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Art

The sound of resilience | Bashar Murad releases EP made in Sheikh Jarrah

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Bahsar Murad knows a thing or two about resilience. The Palestinian pop-singer and songwriter just dropped his latest E.P “Maskhara” (Arabic for “mockery”), produced amid the global pandemic in the heart of Sheikh Jarrah (occupied Palestine) and via Zoom calls with LA producer Gannin Arnold.
Using music as a form of escapism, Murad’s tracks tackle complex issues such as resisting oppression balanced by a clear wish to celebrate the Palestinian existence through art.
We spoke to Murad about his new project and the adversities surrounding it.






Photography/Fadi Dahbareh . Outfit/Hazar Jawabra




Hello Bashar! Congrats on the EP- Can you tell us a bit more about it and how has the pandemic and situation in Palestine affected its creation?

Thank you so much! I am so excited that the EP is finally out. I started working on it with LA Producer Gannin Arnold on Zoom just a little bit before COVID-19 hit. So thankfully the pandemic did not derail the production process.
This is my first EP release after signing with PopArabia in March 2020 and although the title track “Maskhara” meaning “mockery” was written in 2017, it is sadly still very relevant today as it reflects the reality of living in Palestine.



You mentioned that for Palestinians, even partying is a form of resistance; Is it hard to find the will the produce art and dance despite everything going on?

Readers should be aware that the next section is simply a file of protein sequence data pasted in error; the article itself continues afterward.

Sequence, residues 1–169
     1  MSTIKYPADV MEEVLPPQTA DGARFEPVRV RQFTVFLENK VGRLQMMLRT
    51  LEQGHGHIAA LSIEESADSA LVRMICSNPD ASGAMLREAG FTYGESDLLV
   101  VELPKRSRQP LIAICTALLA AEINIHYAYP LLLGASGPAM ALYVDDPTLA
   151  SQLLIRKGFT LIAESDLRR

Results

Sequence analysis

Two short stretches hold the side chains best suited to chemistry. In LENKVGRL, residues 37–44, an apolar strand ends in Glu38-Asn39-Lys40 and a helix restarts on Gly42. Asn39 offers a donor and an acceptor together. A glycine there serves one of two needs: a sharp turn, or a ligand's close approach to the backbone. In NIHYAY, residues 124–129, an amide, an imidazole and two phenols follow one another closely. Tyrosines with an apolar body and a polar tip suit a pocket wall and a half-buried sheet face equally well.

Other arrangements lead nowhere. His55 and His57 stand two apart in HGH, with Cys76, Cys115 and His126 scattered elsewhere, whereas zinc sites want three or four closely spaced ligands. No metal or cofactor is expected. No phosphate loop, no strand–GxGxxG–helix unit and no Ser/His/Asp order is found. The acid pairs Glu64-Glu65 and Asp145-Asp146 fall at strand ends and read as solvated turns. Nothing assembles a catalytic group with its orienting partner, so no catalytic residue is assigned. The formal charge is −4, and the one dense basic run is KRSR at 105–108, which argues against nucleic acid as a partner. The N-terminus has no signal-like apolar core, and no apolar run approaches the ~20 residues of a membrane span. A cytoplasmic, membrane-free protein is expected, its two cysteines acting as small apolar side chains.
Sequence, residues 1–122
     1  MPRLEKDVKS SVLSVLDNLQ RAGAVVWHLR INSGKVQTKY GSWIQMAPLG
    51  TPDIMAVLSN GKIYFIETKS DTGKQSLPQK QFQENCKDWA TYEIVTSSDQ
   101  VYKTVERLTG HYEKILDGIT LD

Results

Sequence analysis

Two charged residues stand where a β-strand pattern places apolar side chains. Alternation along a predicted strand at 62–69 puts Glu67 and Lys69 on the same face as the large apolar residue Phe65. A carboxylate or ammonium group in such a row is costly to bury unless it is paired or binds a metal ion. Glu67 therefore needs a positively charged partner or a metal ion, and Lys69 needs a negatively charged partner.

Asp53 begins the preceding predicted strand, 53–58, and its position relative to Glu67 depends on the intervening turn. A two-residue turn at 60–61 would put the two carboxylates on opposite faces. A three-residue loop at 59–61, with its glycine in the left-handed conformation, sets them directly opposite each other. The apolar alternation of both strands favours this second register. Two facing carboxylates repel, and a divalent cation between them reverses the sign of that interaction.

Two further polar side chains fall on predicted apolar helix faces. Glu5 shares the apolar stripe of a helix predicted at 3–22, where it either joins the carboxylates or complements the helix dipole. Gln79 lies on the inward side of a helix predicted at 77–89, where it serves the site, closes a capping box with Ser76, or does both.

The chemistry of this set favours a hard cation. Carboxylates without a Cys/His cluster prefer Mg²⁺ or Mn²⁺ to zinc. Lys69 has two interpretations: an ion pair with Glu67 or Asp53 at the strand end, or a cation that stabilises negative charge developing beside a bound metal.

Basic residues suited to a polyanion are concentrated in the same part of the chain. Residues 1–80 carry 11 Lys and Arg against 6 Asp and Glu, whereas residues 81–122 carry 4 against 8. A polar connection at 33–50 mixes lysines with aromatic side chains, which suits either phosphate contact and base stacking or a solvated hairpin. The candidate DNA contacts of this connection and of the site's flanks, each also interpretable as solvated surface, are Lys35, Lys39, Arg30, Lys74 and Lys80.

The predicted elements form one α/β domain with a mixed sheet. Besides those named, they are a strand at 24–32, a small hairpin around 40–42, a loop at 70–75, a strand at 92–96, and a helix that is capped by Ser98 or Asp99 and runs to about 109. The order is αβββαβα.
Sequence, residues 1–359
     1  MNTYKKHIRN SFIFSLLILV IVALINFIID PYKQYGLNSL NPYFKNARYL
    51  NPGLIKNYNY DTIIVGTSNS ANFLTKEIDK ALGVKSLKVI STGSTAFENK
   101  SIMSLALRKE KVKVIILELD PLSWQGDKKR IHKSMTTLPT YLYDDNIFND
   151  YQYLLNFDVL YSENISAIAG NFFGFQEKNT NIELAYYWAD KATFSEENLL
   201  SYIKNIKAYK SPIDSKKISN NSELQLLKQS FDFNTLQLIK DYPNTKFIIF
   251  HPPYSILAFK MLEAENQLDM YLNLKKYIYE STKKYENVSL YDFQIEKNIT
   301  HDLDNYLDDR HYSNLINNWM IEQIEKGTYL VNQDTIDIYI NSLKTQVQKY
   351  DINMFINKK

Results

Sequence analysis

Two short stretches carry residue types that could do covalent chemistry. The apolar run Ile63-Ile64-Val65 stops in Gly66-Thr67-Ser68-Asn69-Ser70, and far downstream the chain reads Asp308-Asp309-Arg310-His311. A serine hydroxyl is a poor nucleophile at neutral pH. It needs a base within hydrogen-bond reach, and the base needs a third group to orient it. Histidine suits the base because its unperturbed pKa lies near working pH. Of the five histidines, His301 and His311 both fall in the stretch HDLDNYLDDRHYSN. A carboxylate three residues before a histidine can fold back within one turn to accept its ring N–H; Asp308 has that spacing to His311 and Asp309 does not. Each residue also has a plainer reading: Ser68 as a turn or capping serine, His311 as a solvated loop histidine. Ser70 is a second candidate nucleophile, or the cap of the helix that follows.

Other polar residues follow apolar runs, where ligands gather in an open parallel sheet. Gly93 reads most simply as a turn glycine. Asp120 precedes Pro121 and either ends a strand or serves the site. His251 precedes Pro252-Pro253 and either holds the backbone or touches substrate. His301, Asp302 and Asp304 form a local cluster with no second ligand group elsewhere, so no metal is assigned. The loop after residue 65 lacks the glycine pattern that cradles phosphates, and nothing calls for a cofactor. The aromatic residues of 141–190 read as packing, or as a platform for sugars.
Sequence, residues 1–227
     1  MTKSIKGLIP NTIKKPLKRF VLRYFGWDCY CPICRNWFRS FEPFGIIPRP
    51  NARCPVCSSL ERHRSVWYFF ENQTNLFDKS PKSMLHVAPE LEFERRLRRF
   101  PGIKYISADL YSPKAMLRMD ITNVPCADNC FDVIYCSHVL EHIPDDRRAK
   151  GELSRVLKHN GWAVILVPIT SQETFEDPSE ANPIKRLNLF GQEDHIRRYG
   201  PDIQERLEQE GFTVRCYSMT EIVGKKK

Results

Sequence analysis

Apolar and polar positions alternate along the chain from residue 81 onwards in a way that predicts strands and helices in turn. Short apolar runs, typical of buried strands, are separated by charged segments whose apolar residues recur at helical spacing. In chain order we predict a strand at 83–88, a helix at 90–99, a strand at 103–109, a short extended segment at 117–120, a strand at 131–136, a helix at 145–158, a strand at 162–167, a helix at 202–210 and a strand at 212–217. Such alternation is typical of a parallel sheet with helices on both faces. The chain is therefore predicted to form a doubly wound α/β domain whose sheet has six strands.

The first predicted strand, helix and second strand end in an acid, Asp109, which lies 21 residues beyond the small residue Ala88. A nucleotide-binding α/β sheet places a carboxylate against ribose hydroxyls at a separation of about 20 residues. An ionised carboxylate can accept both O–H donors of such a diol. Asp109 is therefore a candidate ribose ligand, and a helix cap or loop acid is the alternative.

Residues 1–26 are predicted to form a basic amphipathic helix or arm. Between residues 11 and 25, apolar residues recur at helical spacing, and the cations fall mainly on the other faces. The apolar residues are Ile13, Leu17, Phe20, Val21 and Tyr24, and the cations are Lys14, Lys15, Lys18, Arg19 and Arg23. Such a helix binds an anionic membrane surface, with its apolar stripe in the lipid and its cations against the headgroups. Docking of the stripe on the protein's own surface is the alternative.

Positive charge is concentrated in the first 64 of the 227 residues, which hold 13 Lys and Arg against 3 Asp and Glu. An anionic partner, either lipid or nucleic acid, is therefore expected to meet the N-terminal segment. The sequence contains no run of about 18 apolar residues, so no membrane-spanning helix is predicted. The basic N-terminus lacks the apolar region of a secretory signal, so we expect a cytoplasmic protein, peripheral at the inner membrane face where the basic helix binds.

In Palestine, everything is a form of resistance because our mere existence is constantly challenged. Also, because of all the limitations and restrictions placed on us, we end up having to get creative in order to resist.
In Sheikh Jarrah, we’ve seen Palestinian youth using art and music as a way of resisting, whether its through chanting and singing songs, or through painting murals on the walls.
In addition, recently we’ve seen a rise of techno music in Palestine which is often criticized by those who do not understand it. This scene has helped bridge Palestine with the world of techno which has shown a different perspective than what the world is used to seeing. Many will say “Music and Dancing won’t free us”, but on the third track of my E.P, “Intifada On The Dance Floor’ ‘ I challenge that statement and say that in fact music, art, culture and dance are some of the most important tools at our disposal.
When we are partying and dancing, it doesn’t mean that we have forgotten our roots or our cause and that there is an intersection when music and activism meet.



Photography/Fadi Dahbareh . Outfit/Hazar Jawabra



How would you describe the Palestinian youth’s spirit?